The unrebutted evidence further established directly or by reasonable inference that an employee of a liquor store sold defendant in original containers, unopened, what was labeled either "Miller or Old Style Beer." From these factual circumstances, established by uncontradicted testimony at trial, the lower court could reasonably infer that what was contained in the six-packs was beer, and the beer was an "alcoholic liquor" within the meaning of the Mundelein ordinance. We reject the essence of defendant's argument that the municipality must put on proof of the alcoholic content by introducing into evidence the container itself or evidence of its contents through testimony of its examination and analysis. Cf. People v. Gore (1983), 115 Ill. App.3d 1054, 1056-57, 450 N.E.2d 1342.
• 3 At the very least, we find the evidence adduced at trial sufficient to establish a prima facie violation of the applicable Mundelein ordinances. While the burden of proof remains with the village, once a prima facie violation is established, defendant may, but is not compelled, to rebut these reasonable inferences by introducing evidence to the contrary. (Keeler Mart Liquors, Inc. v. Daley (1978), 57 Ill. App.3d 32, 35, 372 N.E.2d 1049.) Defendant chose not to present any evidence indicating that the cans of beer at issue contained less than .5% alcohol by volume, and we find no other evidence in the record from which this can be reasonably inferred. Accordingly, we conclude that the beer delivered by defendant was an "alcoholic liquor" as defined in village of Mundelein ordinance 76-3-7, section 1.
In view of our above analysis, we find it unnecessary to consider whether the trial court properly took judicial notice of the beer as an "alcoholic liquor."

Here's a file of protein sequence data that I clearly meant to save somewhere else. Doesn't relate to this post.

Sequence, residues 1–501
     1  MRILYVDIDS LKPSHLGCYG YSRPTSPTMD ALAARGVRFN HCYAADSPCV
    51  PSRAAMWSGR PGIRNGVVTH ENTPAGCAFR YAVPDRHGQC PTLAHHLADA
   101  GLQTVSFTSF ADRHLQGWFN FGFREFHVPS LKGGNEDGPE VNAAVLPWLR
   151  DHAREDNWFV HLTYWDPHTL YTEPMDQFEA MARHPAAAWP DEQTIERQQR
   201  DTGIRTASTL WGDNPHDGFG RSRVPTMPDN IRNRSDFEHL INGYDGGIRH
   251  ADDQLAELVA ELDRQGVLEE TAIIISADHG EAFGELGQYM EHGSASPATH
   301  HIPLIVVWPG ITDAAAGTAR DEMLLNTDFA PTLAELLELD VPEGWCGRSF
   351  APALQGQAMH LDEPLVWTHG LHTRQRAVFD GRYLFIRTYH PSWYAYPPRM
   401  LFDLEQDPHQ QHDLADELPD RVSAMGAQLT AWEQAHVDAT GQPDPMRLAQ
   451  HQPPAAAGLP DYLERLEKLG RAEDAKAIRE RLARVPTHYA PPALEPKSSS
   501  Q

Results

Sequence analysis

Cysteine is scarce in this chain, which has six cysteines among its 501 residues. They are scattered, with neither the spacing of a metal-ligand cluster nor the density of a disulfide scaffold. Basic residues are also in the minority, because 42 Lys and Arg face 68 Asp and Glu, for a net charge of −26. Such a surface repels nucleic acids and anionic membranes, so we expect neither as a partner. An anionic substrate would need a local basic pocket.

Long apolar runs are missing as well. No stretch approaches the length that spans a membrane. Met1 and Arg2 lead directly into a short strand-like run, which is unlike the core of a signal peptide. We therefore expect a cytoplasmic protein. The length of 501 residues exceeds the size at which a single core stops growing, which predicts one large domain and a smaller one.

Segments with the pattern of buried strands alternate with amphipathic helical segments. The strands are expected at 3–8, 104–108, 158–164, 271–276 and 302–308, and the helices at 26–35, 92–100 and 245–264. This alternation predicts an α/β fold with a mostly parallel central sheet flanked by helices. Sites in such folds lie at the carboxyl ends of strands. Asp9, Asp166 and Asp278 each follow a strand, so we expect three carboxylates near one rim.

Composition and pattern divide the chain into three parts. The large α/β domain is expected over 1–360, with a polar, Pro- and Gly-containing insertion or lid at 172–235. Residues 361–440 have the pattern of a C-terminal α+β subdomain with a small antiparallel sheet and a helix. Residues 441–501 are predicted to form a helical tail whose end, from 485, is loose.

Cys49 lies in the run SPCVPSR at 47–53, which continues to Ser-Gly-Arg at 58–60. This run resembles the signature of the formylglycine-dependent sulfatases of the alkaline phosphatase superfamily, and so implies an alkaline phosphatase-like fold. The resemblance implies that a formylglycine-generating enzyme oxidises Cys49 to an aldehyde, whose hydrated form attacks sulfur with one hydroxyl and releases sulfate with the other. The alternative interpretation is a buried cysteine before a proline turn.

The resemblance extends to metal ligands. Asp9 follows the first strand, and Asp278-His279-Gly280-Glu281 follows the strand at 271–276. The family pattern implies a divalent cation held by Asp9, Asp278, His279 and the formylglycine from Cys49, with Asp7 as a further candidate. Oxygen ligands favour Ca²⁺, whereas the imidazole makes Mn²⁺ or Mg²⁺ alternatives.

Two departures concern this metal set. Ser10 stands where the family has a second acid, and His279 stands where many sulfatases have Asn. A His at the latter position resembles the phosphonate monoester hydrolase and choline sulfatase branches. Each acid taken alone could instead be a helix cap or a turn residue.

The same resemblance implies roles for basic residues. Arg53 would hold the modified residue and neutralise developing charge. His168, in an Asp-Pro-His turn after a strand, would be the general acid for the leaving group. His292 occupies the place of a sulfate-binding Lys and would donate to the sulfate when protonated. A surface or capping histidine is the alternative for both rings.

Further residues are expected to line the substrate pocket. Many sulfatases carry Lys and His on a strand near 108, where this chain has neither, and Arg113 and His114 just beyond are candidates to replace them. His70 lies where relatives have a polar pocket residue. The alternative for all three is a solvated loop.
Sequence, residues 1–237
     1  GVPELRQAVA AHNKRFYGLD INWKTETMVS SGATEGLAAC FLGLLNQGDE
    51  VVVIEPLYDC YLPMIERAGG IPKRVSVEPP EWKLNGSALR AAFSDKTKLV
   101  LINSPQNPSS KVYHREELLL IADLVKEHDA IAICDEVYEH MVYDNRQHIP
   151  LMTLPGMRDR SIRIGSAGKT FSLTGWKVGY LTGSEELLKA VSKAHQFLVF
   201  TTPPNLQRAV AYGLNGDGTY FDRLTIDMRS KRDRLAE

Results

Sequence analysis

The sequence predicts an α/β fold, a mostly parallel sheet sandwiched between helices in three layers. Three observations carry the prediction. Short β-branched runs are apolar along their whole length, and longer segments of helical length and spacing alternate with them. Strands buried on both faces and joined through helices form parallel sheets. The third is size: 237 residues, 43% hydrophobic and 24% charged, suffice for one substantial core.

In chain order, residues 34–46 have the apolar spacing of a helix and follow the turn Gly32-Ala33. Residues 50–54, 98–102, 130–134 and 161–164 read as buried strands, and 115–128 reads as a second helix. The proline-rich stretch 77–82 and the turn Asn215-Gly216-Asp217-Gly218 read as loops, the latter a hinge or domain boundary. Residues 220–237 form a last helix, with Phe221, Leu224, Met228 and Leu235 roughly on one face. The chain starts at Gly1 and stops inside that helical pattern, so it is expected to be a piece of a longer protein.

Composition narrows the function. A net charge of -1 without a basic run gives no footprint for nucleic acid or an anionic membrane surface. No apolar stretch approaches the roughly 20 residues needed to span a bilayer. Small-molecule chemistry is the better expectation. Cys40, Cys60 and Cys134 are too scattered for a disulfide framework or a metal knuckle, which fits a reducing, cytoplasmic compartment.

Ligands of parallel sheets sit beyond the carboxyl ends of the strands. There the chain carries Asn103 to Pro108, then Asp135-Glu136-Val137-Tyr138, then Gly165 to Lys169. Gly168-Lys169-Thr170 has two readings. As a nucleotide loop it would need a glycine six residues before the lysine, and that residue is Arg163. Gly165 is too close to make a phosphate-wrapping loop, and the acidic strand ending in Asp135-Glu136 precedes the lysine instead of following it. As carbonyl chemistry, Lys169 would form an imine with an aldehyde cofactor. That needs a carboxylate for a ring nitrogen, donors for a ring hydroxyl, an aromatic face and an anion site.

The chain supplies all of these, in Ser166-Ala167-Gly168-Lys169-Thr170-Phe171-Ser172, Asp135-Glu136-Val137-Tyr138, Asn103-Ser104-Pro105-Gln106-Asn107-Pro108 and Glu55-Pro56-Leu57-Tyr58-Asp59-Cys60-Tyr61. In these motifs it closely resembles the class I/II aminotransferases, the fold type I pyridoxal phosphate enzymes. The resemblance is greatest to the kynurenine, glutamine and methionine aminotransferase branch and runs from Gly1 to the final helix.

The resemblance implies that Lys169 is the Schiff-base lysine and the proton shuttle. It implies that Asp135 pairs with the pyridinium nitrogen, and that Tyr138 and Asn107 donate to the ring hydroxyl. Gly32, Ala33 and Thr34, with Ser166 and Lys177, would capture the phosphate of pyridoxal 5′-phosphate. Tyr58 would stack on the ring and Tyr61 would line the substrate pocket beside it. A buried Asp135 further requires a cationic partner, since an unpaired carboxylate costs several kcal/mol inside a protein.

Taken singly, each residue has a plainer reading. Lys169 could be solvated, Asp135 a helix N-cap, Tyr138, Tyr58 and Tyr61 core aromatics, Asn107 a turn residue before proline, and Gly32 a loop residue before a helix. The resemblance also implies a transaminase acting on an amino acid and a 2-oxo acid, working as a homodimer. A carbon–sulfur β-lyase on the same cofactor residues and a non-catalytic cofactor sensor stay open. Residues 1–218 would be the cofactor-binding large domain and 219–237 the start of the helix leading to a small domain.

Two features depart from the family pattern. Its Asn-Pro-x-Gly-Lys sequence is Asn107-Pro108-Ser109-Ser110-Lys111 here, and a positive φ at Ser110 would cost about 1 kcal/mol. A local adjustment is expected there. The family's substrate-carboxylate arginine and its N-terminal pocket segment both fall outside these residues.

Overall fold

For the foregoing reasons, the decision of the circuit court is affirmed.
UNVERZAGT and SCHNAKE, JJ., concur.
SUPPLEMENTAL OPINION ON DENIAL OF REHEARING
Upon our denial of the petition for rehearing filed by William K. Taylor, we find it necessary to briefly address one of the arguments raised therein. It is contended that the village of Mundelein must prove "beyond a reasonable doubt," rather than by a clear preponderance of the evidence, that Taylor violated the ordinance in question.
Not only did Taylor, as appellant, fail to provide in the record furnished us on appeal the ordinance in question and its penalty provision, but also he has not disputed the assumption in our opinion that the penalty provision did not provide for a period of incarceration. Instead, Taylor now raises, for the first time in the petition for rehearing, the argument that the standard of proof in this case must be beyond a reasonable doubt rather than by a clear preponderance of the evidence. A new contention cannot, for the first time, be urged in a petition for rehearing. (People v. Mallett (1970), 45 Ill.2d 388, 397-98, 259 N.E.2d 241; 87 Ill.2d R. 367.) Moreover, Taylor specifically acknowledged in the opening paragraph of the argument portion of his original brief that the village "was required to prove by a clear preponderance of the evidence that defendant delivered an `alcoholic liquor' to `another person under the age of twenty-one years.'" Accordingly, we adhere to our original opinion.
UNVERZAGT and SCHNAKE, JJ., concur.
© 2002 VersusLaw Inc.